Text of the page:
Judge rules Charter must pay $1.1 billion after cable customer murdered

Judge rules Charter must pay $1.1 billion after cable customer murdered

Enlarge / A Charter Spectrum service truck in McKinney, Texas on Tuesday, Feb. 16, 2021.

Getty Images | Bloomberg

Charter Communications must pay more than $1.1 billion to the estate and family of an 83-year-old woman murdered in her home by a Spectrum cable technician, a Dallas County Court judge ruled yesterday.

A jury in the same court had previously ordered Charter to pay $7 billion in punitive damages and $337.5 million in compensatory damages. Judge Juan Renteria lowered the price in a ruling issued yesterday.

Damages are split between the estate and four adult children of murder victim Betty Thomas. Renteria did not change the compensatory damages but reduced the punitive damages awarded to the family to $750 million. Prejudgment interest on damages brings Charter’s total liability to more than $1.1 billion.

It’s no surprise the judge lowered the payout, in which the jury ruled that punitive damages should be more than 20 times what Charter is liable for in compensatory damages. A nine-to-one ratio is often used as the maximum due to a 2003 U.S. Supreme Court decision which stated, “In practice, few awards exceeding a single-digit damages- punitive and compensatory interests, to a large extent, will satisfy the deal.”

Former Spectrum tech Roy Holden pleaded guilty to murdering client Betty Thomas in 2019 and was sentenced to life in prison in April 2021. Charter was accused of hiring Holden without checking his work history and to ignore a series of red flags about his behavior, which included stealing credit cards and checks from elderly customers. (More details on the murder are in our previous two articles on the subject.)

Jury: Charter guilty of “gross negligence” and forgery

Charter has already paid part of the judgment. “After the jury verdict and prior to the entry of this judgment, the plaintiffs voluntarily remitted a substantial amount of exemplary damages pursuant to Rule 315,” Renteria wrote.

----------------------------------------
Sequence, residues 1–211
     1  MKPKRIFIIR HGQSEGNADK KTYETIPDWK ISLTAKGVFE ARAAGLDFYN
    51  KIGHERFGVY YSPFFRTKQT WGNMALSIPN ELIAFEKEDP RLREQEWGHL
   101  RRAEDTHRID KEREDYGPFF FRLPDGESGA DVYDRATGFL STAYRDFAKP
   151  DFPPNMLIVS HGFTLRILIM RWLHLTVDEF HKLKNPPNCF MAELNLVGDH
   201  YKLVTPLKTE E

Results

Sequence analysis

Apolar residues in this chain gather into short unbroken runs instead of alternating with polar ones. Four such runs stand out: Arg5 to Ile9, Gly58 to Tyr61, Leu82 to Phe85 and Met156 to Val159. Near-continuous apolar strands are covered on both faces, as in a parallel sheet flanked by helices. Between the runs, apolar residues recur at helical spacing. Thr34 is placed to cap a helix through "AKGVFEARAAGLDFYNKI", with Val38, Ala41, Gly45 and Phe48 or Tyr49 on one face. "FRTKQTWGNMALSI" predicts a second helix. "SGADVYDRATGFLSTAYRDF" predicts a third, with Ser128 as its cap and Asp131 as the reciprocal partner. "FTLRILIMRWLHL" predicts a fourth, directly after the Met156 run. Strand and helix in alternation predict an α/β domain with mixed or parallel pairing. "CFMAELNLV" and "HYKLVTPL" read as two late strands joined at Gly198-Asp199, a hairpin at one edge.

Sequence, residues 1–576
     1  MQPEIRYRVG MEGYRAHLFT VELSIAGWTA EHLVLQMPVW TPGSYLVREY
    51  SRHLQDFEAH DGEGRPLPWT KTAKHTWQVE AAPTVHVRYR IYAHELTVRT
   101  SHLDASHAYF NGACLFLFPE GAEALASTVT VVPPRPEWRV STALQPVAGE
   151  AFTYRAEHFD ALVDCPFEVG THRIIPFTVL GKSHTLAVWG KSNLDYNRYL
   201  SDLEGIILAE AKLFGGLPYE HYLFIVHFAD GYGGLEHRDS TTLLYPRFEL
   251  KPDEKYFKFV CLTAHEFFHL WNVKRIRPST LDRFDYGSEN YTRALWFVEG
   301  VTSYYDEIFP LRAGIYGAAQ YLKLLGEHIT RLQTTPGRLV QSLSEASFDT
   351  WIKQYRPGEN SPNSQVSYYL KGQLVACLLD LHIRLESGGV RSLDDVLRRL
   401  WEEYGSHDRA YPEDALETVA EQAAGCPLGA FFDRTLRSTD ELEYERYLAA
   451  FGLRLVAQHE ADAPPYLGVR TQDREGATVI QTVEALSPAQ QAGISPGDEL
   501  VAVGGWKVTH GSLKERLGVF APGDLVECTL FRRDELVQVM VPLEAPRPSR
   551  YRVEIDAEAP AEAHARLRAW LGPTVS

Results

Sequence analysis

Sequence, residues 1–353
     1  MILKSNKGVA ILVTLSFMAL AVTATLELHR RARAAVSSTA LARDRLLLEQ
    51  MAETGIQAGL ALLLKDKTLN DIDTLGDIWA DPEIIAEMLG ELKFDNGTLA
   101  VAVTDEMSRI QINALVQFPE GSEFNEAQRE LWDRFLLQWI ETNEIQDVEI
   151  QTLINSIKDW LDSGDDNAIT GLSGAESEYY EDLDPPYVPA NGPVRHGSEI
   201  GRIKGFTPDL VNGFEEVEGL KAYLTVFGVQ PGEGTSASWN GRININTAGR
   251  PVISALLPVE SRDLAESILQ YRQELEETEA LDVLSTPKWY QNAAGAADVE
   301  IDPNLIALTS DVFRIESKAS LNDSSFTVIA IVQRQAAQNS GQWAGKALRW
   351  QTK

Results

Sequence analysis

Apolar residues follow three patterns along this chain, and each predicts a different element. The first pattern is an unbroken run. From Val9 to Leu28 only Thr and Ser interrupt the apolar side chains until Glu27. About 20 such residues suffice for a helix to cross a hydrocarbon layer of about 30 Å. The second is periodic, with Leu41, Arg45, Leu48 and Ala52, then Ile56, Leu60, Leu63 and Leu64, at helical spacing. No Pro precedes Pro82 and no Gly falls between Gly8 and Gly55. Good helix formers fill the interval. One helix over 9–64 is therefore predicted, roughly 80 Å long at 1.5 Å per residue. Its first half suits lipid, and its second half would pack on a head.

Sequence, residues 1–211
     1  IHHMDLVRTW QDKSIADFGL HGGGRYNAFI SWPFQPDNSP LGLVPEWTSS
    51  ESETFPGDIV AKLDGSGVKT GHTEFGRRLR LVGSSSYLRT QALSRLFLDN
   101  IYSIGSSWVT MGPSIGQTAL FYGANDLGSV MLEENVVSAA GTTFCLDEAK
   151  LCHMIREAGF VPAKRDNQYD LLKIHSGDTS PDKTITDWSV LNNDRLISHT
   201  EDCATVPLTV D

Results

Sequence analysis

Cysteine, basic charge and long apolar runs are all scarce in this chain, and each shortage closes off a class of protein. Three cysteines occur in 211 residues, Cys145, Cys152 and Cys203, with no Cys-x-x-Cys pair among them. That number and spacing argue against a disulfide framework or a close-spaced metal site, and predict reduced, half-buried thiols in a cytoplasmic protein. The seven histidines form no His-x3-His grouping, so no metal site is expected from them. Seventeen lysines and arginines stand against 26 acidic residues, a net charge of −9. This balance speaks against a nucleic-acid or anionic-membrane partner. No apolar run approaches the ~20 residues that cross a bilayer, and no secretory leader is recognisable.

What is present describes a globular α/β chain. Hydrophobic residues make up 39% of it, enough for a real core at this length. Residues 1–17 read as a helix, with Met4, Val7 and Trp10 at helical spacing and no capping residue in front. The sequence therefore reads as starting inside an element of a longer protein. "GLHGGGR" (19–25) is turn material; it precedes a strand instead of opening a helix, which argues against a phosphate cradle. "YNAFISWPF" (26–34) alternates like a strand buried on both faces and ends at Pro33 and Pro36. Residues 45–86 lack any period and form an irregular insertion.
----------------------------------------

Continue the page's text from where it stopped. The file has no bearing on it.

Judge Renteria did not dispute the jury’s finding that Charter was guilty of “gross negligence” in the murder of Thomas. “The Court, having considered the evidence presented at trial, the verdict of the jury, the voluntary surrender of the plaintiffs, the written and oral arguments of counsel and the applicable law, is of the opinion that a judgment must be entered in favor of the plaintiffs,” Renteria wrote.

The jury also found that “Charter knowingly or intentionally committed an infringement with intent to defraud or harm plaintiffs,” Renteria wrote. The family’s attorney previously said that “Charter Spectrum’s attorneys used a false document to attempt to force the trial into a closed-door arbitration where the results would have been secret and damages for the murder would have been limited. to the amount of Mrs. Thomas’ final bill.”

Compensatory damages totaled $375 million, with Charter liable for $337.5 million and Holden for $37.5 million. Charter may end up having to pay that $37.5 million as well; the judge’s ruling said plaintiffs are entitled to the $37.5 million as “actual damages against Roy James Holden or Charter Communications, LLC, jointly and severally.”

Charter still plans to appeal the decision, a company spokesperson told Ars today. Charter previously said in a statement to Ars that the “crime was not foreseeable” and that Holden’s criminal background check “did not show any arrests, convictions or other criminal behavior.” Charter also said Holden had “over 1,000 completed service calls with no customer complaints about its behavior.”

Disclosure: The Advance/Newhouse partnership, which owns 12.4% of Charter, is part of Advance Publications. Advance Publications owns Condé Nast, which owns Ars Technica.

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